July 2019 - Discover and learn about brain functions, along with the latest news on brain plasticity and research!
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Author: DynamicBrain Inc.
Publication: Monthly Newsletter
Published Date: July 19, 2019

Brain plasticity has played a crucial role in the success of cochlear implants, which enable profoundly deaf individuals to hear. In the late 1980s, it was our very own Dr. Merzenich who led the team that developed the cochlear implant.

The next step is to bring sight to the blind. While scientists are making progress using other solutions such as gene therapy to restructure retinas, vision implants seem to be the most promising next step because of the success of the cochlear implant. In a new study, scientists have partially restored vision to six blind people via an implant that transmits video images directly to the visual cortex, bypassing the eye and optic nerve.

That’s the power of brain plasticity! And while we are waiting for more success stories, let’s take advantage of one that requires no invasive surgery, costs only as much as a couple of coffees a month, and is proven to significantly improve cognitive functions—BrainHQ!

Kind regards,
Frieda Fanni
DynamicBrain Inc.

DynamicBrain Inc. is the Canadian partner of Posit Science Corporation providing brain fitness program BrainHQ in English and French.

Avoiding friendly fire
Strokes are the leading cause of disability in the USA and Canada. It would make sense to focus on repairing stroke-damaged nerve cells after a stroke, but researchers at Stanford have taken an unconventional approach. They focused on suppressing immune cells that act as first-responders to a stroke. These cells have an inflammatory feature that may cause more harm than good. The findings showed a reduction in brain damage, an increased survival rate, and improved motor performance in mice. Learn more about the research here.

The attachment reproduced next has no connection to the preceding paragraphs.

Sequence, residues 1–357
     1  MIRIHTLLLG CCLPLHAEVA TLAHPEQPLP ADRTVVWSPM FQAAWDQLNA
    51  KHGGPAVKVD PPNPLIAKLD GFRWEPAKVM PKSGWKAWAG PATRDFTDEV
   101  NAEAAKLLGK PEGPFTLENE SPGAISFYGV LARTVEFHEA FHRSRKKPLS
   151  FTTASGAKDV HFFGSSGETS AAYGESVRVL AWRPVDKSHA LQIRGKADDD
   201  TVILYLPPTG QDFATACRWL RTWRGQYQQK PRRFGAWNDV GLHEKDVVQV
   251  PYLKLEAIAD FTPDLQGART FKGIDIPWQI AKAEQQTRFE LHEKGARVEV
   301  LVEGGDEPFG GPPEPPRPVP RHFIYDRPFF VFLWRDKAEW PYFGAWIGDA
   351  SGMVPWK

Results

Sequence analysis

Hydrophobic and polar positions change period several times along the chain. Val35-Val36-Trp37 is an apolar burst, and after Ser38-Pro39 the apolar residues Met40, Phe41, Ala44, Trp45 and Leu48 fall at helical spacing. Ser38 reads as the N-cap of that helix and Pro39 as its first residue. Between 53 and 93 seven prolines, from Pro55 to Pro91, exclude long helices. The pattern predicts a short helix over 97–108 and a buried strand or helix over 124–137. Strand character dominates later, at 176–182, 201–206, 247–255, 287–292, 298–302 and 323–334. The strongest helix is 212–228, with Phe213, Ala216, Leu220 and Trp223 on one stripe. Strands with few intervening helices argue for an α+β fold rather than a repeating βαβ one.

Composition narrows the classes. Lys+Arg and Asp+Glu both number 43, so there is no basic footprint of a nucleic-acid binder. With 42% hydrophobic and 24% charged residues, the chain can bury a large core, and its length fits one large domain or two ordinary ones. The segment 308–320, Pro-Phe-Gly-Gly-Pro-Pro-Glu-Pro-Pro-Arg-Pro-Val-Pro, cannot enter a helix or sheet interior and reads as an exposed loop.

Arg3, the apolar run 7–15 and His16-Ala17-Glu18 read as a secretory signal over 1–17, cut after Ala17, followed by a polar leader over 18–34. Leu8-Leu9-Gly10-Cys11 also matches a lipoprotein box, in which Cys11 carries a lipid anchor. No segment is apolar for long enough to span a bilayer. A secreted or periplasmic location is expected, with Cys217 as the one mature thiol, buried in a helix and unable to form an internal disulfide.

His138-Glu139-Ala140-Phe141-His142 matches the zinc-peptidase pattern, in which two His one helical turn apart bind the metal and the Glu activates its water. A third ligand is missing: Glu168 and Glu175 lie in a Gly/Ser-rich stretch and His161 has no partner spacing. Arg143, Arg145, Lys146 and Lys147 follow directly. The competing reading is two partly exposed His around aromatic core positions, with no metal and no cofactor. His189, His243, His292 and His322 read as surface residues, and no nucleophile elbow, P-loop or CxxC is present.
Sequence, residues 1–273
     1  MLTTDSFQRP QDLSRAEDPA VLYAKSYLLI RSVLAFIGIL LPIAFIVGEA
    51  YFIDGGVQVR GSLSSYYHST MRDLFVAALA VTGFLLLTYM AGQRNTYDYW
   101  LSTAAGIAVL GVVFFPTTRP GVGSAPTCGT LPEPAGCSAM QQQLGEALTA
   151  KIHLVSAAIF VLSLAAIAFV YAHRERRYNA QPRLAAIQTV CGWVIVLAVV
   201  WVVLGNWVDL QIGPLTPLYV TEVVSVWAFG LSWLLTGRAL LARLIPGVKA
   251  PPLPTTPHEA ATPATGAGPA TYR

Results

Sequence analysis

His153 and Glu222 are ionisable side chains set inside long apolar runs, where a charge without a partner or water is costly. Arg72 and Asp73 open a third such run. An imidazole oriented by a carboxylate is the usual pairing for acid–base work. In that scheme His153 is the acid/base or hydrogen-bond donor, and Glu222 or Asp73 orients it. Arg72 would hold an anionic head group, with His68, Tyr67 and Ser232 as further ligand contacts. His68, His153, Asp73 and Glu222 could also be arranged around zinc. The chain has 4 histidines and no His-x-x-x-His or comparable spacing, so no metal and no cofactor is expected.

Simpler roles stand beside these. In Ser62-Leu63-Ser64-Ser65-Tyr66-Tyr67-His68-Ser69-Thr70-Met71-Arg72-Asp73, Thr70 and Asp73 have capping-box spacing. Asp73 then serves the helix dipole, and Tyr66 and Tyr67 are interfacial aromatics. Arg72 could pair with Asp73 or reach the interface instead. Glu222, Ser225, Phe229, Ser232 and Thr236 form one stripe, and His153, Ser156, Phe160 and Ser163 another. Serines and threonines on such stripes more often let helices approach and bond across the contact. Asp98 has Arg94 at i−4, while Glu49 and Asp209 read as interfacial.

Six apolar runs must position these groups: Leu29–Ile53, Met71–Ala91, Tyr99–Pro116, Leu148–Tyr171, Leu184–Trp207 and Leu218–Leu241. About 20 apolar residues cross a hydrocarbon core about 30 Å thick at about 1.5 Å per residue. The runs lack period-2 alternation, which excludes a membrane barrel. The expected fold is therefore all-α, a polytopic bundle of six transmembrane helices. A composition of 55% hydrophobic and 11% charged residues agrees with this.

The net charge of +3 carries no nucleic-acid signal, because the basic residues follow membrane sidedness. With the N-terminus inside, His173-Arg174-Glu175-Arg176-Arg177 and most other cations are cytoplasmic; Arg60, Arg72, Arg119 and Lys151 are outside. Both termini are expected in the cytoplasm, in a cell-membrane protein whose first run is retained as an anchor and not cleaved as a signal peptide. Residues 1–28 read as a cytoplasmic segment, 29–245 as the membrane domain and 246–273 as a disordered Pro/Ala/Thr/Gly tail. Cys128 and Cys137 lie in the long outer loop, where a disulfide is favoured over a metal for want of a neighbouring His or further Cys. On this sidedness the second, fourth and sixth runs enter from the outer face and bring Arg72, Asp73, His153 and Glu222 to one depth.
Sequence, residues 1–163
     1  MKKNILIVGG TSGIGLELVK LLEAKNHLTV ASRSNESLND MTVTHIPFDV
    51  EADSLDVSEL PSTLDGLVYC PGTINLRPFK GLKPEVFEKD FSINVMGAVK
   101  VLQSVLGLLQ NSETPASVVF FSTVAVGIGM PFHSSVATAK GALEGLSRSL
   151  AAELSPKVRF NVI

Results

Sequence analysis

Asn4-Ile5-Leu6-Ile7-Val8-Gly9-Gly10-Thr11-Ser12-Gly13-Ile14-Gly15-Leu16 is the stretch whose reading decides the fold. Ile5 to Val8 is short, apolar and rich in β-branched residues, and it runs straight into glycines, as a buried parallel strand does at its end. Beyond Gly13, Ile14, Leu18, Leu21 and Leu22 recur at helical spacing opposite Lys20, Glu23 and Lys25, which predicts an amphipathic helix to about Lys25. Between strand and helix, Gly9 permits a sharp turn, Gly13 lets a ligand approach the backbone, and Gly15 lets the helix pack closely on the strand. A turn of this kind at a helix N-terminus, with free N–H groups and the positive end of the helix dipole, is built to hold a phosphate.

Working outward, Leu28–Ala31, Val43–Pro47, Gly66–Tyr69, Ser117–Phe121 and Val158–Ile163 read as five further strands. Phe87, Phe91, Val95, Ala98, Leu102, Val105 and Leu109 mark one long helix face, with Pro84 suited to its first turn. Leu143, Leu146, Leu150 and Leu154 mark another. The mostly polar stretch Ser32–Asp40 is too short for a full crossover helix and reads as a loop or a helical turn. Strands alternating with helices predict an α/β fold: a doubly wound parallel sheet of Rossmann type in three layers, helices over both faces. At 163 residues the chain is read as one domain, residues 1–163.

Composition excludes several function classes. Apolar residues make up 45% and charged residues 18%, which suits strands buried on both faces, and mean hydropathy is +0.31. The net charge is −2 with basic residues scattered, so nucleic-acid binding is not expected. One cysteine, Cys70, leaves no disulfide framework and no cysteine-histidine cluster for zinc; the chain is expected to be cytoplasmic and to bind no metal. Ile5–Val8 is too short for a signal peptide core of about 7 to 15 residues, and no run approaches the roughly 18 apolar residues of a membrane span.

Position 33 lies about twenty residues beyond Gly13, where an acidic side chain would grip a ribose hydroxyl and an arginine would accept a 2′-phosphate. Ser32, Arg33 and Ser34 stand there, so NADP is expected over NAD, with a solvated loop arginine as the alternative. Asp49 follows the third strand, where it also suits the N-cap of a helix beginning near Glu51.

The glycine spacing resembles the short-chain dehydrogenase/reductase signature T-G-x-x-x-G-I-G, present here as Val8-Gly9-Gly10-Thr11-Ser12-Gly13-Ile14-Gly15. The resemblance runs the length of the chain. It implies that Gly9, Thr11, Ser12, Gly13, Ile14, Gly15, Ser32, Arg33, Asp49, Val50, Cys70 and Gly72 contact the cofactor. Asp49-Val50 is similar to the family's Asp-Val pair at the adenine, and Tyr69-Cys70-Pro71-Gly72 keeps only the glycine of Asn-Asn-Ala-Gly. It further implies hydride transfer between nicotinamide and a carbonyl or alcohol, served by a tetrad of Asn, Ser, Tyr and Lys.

Sleep like the fishes
Did you know that, thanks to a small, transparent fish, we can learn more about what happens when mammals sleep? Zebrafish have transparent skin, and since in this study they have been genetically engineered to light up when nerve cells and muscles are active, scientists can observe what happens in their bodies while they sleep. Researchers hope this study will further their understanding of sleep patterns and help millions of people suffering from insomnia! Find out more about the sleepy zebrafish here.

Polluting the brain
Scientists discovered a potential link between pollution, neurological diseases, and interestingly, our sense of smell! Looking at the role of cerebrospinal fluid (CSF), researchers have found that CSF could be essential to clear waste from building up in the brain. Research suggests pollution damages the olfactory sensory neurons, which in turn affects the CSF. This could have a knock-on effect for the development of neurological diseases. Learn more here.


In This Issue

Avoiding friendly fire
Sleep like the fishes
Polluting the brain
Aiming for the right neurons
Grey matters